And how did your child end up in your presence in that moment? Because you chose to take the opportunity to participate in a collaborative model of education for your family.

Much to my dismay, there is no tally sheet to track the “intangibles” and prove to you that they matter. However, I believe they do.

Homeschool days are filled with countless touches of reassurance during difficult math problems, shoulder to shoulder moments fingerspelling new words, smiles of encouragement while practicing presentations, epiphanies during science as a chemical change unfolds, and tender moments of gratitude during history, reading about those who blazed the trail before us.

These things - the touches, smiles and shared struggles - should not be underestimated or viewed as secondary to the academic content which I get to explore with my child. These “intangibles” are altering my children’s trajectory and my own. They support the development of character traits in us that will be the basis for how we live the rest of our lives. They connect us together in a deep and meaningful way.

I have had the privilege of watching diligence and perseverance unfold in my sweet babies over a Logic of English textbook, steadfastness grow while practicing math facts, and compassion abound as siblings work together to grasp a concept. These intangibles are just the beginning of the list of the gifts we’ve experienced in the collaborative model.

I am still working on the equation so I can prove to you exactly how this matters. Until then, the significance of the “intangibles” will have to stay in that gray area that seems to be plentiful in the human experience.

On Teaching and the Formation of Virtue

On Teaching and the Formation of Virtue

by Robert Laramey, founder of The Classical Dad

We often consider our children to be little cups that need to be filled up. They start out empty, and we pour into them. We input on end to fill the vessel as much as possible. We do our best to ensure that we give only what is good and filter out the bad. It seems that there is little to argue with in that brief description of parenting. This is a content centered view: if I put in the good, good will come out.

Is that all there is to the bringing up of a virtuous human being? Perhaps not.

Socrates believed that all knowledge was recollection, that our infinite souls had all the information and that education was a process of rediscovery. As odd of a statement as that sounds, it was understood that there is a unity between the soul and knowledge. This served as the basis for Socrates’ teaching method of asking questions (dialectic) rather than simply telling facts.

The inaugural text read by the TCA Men’s Book Club this year was Plato’s Meno. In this short text, Socrates and a prominent young visitor named Meno attempt to figure out whether Virtue is something that can be taught. Frustratingly, this question is never explicitly answered. Instead, readers are encouraged to muddle through this difficult topic as a means to enlightenment. In other words, the answer is revealed in the labor of pursuit. Socrates asks questions on end as the reader delves further into his own soul to discover the truth.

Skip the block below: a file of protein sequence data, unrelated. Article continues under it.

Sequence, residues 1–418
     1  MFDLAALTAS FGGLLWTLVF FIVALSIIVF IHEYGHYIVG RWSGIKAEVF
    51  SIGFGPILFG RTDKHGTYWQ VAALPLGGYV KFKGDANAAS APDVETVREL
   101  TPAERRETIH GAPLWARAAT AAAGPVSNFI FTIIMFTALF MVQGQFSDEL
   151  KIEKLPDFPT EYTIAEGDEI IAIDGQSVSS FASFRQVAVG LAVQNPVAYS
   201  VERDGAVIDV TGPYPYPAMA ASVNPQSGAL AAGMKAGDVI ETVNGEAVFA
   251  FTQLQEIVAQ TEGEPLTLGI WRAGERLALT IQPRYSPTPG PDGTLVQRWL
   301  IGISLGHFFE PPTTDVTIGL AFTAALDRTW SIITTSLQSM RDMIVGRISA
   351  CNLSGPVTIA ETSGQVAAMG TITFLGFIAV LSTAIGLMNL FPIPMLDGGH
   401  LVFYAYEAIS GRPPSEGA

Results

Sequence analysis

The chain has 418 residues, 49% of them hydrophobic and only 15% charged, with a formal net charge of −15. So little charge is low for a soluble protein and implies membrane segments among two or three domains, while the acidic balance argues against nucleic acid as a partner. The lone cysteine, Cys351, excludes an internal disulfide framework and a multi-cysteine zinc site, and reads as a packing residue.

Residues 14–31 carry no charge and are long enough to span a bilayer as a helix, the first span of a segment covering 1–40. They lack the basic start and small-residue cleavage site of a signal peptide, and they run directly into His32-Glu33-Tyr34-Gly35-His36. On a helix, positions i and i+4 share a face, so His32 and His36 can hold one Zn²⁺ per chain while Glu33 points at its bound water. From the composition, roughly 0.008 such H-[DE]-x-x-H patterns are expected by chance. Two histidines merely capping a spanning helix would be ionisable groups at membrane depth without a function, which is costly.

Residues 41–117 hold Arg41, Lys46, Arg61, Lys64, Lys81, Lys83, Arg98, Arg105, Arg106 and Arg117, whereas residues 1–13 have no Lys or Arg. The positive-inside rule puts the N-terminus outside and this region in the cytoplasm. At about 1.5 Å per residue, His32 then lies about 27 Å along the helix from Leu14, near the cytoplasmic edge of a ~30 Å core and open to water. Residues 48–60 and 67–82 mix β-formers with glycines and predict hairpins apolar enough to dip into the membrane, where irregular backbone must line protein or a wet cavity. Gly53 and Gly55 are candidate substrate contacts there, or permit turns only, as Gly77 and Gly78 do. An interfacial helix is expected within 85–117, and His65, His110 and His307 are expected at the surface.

Socrates is saying that the pursuit of truth is not an issue of content per se, because truth is already present, written into the heart. Teaching is a matter of forming the individual to discover what is true, good and beautiful. Not that those things themselves are inherently within, but that the knowledge of them is intertwined with the soul.

What does this look like practically? Take, for example, music. We might think the end goal of our child’s musical education is to be able to play great classical works with excellence. On the one hand this is true. However, it is in the learning that we are formed. It is not the same person who picked up a violin on their first day of practice that plays in the concert hall. We only need a record player to hear great music. We need a musician to make it.

Consider your favorite book. Would your love for that particular book be provoked if you only read the synopsis online? The act of reading and being immersed in the author’s creation has formative effects beyond the mere narrative, theme, tone and character profiles. A measure of a great book is not only the work itself but the work it does in us.

Formative change is hard work, and it is through this hard work that Virtues are cultivated in the individual. Weight training is not just about lifting heavy objects, it’s about strengthening the body. Why do the hard work of studying this ancient language, Latin? It’s not that it is inherently useful, but rather it has been used for two millennia to strengthen the mind.

Ultimately, when we talk about raising our children to become Virtuous human beings, we need to see that the hard work of education is about forming them, not inputting data as if we could make them like a computer. After all, it is humanity which can strive toward Virtue. A computer is simply an ingenious tool for storing data. We want so much more for our children! Let us see education as the task of a lifetime, as a journey in which our children can join us as we seek after the Good, the True and the Beautiful.